Taiwan: Trip Summary & Suggested Itinerary

Don’t jam-pack the whole Taiwan into 8 days

I used to belong to “the more, the better” school of travelers. I’ve done a few places with this principle successfully, so it only made sense for me to do the same with Taiwan. After all, Taiwan seems to be a relatively small country and mostly everything is accessible from land, so it should be doable within one go. RIGHT?

If your idea of a perfect trip is to be constantly in rush, catching a glimpse of everything without truly exploring them, and spending 80% of your time on the road, then by all means do it at one go. Otherwise… no, just no.

Possible Itinerary

(or how I would’ve done this trip differently)

For me, the best part of Taiwan is the Northern and Eastern side. I don’t mind dropping the rest of Taiwan (save them for next time) in return for a more relaxing travel experience. So here’s what I think a first-timer’s itinerary should look like:

  • Day 1: Upon arrival at Taoyuan International Airport, travel to Taipei. If you arrive in daytime, you can explore Taiwan’s capital for all its worth. Plenty of choices to pick from, perhaps satisfy your inner shopaholic at Ximending or take a stroll along Tamsui Old Street. Grab your dinner at one of the night markets (Raohe or Ningxia).
  • Day 2: Experience the North East Coast. Good stops along this route may include JiufenNanya Rock Formations, Bay of Two ColoursBitou Cape and Long Dong Cliffs. This should take about 4-6 hours. If time permits, you might even be able to squeeze in Shifen Old Street. Next, take a domestic flight or scenic train ride (Tze-Chiang Limited Express: approx. 2-3 hours) to Hualien and rest.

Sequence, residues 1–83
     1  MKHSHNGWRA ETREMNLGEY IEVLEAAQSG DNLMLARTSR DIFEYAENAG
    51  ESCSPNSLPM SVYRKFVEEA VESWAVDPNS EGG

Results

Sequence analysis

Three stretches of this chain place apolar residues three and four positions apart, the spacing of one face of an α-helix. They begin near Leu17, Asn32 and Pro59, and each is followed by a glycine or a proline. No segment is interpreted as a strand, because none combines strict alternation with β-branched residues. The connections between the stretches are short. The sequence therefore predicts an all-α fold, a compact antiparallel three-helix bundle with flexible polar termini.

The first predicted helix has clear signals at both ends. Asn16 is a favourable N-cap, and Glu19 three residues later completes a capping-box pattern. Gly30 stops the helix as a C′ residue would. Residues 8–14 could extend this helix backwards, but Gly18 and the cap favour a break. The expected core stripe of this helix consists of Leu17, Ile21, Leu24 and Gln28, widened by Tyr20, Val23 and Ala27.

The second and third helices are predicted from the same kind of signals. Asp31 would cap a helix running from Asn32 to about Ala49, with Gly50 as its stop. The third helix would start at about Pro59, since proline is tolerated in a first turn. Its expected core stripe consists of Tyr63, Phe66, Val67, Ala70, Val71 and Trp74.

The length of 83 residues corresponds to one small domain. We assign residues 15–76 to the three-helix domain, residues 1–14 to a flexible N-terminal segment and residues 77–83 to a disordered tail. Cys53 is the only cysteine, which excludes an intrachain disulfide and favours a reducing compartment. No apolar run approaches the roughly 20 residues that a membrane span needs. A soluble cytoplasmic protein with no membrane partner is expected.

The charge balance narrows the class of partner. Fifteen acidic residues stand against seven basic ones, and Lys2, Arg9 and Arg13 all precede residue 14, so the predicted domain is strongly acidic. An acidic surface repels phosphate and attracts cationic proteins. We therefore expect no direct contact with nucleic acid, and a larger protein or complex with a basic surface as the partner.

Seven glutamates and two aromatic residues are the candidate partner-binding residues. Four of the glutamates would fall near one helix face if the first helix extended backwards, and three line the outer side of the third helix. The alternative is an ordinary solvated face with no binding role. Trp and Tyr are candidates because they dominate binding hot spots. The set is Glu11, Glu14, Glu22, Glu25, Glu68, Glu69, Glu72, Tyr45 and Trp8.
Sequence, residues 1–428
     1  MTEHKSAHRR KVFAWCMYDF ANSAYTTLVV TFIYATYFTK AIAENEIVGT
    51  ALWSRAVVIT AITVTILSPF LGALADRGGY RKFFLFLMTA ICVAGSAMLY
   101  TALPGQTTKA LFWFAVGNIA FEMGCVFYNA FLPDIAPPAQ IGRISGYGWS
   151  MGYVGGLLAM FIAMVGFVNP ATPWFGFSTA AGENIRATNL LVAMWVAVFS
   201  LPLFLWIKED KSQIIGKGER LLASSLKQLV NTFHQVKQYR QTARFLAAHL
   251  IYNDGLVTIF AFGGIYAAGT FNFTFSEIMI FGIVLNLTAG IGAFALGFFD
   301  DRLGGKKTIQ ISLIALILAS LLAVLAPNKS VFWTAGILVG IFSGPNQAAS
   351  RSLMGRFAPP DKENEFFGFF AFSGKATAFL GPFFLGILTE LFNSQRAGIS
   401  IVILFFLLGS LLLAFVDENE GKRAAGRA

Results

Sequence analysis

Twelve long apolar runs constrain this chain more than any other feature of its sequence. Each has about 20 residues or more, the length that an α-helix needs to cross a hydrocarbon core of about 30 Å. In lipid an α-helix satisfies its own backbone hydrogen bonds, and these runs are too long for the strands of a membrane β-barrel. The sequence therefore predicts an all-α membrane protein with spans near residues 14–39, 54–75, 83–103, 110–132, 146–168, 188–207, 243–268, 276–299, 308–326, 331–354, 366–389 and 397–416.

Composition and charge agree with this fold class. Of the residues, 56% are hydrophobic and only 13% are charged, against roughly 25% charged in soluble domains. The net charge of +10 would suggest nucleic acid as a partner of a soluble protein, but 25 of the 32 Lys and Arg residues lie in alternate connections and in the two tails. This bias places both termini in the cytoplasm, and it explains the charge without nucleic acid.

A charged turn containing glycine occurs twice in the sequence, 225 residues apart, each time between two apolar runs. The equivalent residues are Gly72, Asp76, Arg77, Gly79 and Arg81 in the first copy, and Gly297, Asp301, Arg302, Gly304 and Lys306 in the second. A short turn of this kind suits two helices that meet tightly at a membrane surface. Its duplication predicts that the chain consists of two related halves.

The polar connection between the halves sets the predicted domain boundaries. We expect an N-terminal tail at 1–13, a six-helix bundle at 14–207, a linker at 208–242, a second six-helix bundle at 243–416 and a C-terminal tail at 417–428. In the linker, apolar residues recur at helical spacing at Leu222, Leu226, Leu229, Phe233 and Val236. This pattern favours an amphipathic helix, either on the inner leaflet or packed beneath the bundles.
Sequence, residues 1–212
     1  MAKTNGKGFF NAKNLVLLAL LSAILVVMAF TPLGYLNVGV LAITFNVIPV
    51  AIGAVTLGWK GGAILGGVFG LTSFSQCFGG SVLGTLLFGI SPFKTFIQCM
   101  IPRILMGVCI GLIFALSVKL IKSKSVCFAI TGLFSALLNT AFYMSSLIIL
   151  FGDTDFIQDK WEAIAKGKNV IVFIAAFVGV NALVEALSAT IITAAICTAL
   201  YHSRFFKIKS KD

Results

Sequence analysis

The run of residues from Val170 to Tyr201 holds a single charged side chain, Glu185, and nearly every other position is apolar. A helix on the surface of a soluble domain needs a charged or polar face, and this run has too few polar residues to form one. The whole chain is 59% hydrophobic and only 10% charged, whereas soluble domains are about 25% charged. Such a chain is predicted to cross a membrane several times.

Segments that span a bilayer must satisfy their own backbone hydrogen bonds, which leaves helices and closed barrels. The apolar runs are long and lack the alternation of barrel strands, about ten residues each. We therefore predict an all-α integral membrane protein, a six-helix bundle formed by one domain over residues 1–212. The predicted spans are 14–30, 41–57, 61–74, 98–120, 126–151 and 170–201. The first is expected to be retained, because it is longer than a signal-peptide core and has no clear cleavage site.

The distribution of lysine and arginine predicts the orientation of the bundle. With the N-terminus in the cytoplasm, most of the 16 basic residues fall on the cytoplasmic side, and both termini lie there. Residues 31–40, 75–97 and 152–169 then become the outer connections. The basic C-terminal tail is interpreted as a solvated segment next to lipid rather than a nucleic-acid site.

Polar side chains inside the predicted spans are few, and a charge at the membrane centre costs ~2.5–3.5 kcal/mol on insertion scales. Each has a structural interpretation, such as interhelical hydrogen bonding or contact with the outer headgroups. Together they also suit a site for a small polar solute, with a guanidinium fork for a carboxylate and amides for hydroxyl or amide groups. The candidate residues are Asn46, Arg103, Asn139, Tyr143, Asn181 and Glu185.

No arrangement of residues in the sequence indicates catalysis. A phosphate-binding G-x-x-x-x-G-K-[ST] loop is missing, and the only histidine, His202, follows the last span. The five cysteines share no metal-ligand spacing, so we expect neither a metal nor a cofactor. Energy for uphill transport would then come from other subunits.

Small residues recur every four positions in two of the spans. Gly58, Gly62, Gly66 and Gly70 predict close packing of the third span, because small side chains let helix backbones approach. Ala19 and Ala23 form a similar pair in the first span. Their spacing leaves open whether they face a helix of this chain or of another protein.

• Day 3: Explore the beautiful trails of Taroko Gorge.
  • Day 4: Take a domestic flight or scenic train ride back to Taipei. Explore Yehliu Geopark and don’t miss the wonderful Taipei 101 at night.
  • Day 5: Enjoy Taipei before your flight home.

Well, be prepared to drop some places from the itinerary. But as long as you have Taroko, Jiufen, Yehliu, Taipei 101 and one of the night markets, you’ve gotten the essentials covered. If your return flight on Day 5 is on late afternoon or night, you may have time to visit any of the places which you might have needed to drop.

Day 2 and Day 4 are sort of interchangeable. You can also do Yehliu first and experience the North East Coast on Day 4, although my gut says that it may be a little packed to do it that way. Do note that Yehliu closes at 4 pm though, so you want to do it on Day 2 if the train/flight schedule back to Taipei is a little tight on Day 4.

All Posts on the 2013 Taiwan Trip:

Also, traveling can be quite a nightmare without internet, so make sure you book a 4G WiFi to be picked up at Taiwan airport now.

What’s your perfect Taiwan itinerary? What places belong to your “essentials” list?

[PS. I just started a Facebook page for this blog. If you enjoy what you read and would like to be kept updated with my future posts, please like my newly-created Facebook page here. =)]

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7 Comments Add yours

  1. Jamie says:

    Hi May I know when was your Taiwan trip? Is it in September? I’m planning to go in December so still surveying blogs and links haha!

    Like

    1. Andrew Darwitan says:

      Hi Jamie, my trip was in August. =)

      Like

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